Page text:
Damn, y’all. Damn.
Last time I posted about the coronavirus, I wondered out loud if maybe it was over. I knew better, of course — even from deep inside my vaccinated bubble, I could hear the Delta variant hoofbeats fast approaching — but for a few months there it felt like life was almost normal. I wanted it to be normal so I happily stuck my head in the sand and pretended. It was glorious.
But now — [brushes sand out of hair] — the numbers are rising. Kids are getting sick. Masks are back.
I read the news reports. I discuss vaccine science. I talk with exhausted medical professionals and scared parents and public health nurses. And just the other day I placed an order for another box of medical masks and I wanted to cry.
It didn’t have to be this way.
I don’t know what to do with my anger.
I’m frustrated about the resurgence, and that we need to wear masks again, and that our daily activities are, once again, in jeopardy, but mostly? Mostly I’m angry at the unvaccinated people who are so stubbornly committed to their “freedoms” that they are willing to sacrifice the well-being of those around them.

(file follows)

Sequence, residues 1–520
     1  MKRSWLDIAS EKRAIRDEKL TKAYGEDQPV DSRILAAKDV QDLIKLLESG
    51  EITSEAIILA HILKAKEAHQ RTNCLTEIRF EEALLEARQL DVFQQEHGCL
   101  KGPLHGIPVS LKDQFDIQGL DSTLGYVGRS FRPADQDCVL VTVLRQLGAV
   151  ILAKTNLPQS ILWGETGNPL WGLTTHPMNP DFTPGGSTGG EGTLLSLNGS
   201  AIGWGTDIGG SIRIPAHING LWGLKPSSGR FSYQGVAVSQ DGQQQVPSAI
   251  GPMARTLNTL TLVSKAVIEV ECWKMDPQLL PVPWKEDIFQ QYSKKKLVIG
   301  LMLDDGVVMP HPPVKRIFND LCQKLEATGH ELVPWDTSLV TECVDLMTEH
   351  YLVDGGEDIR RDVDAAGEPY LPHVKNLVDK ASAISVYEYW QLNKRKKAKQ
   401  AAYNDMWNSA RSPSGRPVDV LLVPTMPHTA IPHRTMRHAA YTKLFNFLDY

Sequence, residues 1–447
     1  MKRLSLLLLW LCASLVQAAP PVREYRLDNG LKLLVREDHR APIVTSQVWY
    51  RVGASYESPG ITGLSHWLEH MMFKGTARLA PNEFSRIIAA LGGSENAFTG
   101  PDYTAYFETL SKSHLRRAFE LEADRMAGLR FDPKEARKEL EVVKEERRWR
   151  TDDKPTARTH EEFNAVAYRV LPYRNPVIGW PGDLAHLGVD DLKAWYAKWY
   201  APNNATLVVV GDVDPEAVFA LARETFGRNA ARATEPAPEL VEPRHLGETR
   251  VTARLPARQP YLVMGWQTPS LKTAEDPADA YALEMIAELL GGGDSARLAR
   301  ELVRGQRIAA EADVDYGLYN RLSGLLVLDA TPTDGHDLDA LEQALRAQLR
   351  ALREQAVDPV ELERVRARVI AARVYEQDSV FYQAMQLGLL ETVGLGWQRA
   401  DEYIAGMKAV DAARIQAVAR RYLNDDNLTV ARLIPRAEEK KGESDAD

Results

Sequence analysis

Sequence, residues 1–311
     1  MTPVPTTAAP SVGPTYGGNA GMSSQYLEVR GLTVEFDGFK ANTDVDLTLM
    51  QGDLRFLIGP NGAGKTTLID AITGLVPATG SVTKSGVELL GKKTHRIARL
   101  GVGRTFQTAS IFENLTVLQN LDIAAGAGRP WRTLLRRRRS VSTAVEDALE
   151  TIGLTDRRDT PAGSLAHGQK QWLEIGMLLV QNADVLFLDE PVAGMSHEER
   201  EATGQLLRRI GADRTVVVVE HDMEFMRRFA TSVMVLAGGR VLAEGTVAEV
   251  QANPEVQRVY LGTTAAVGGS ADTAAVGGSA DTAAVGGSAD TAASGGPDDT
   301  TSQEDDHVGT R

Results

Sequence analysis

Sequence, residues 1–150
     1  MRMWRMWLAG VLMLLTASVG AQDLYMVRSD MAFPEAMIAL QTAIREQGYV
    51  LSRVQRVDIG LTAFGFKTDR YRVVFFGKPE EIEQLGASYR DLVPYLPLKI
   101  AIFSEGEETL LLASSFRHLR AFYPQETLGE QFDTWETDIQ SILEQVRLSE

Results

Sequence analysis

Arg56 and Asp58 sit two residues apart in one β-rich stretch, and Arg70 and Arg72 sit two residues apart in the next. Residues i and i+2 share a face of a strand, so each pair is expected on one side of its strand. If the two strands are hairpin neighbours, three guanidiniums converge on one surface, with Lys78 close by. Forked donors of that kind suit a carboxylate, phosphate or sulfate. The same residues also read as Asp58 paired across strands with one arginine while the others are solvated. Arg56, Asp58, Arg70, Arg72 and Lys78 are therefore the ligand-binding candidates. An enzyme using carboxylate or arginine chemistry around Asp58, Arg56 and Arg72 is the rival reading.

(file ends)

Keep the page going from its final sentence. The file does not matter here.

Yes, I realize we’re supposed to be respectful and open-minded, tiptoeing oh-so gingerly so as not to destroy relationships with those who think “differently,” but any more these days I just can’t even. It’s gone too far. I’m done with civility. (Not really, but that’s how I feel.)
When I hear about unvaccinated people who end up in the hospital and then express dismay at the intensity of their illness and frustration with their inferior medical care, I want to scream, And the surprise in that is what? Did you think this was a JOKE? You do realize there is a pandemic going on, right? Hospitals are short staffed and the employees overworked precisely BECAUSE people like you haven’t had the decency to take basic precautions. Of COURSE your care wasn’t great! Did you honestly think it would be otherwise?
The way they act — stunned, almost, or affronted — I get the distinct impression that they’ve been living in an alternate universe and have suddenly bumped up against reality. How could they possibly have missed the memo? I wonder. Could it be that they aren’t savvy with their news sources?
It’d be funny if it wasn’t so sad.
And as for the antivaxxers who play victim — Poor me! they blare on their Facebook statuses, I’m being bullied for my choices! — do not even get me started.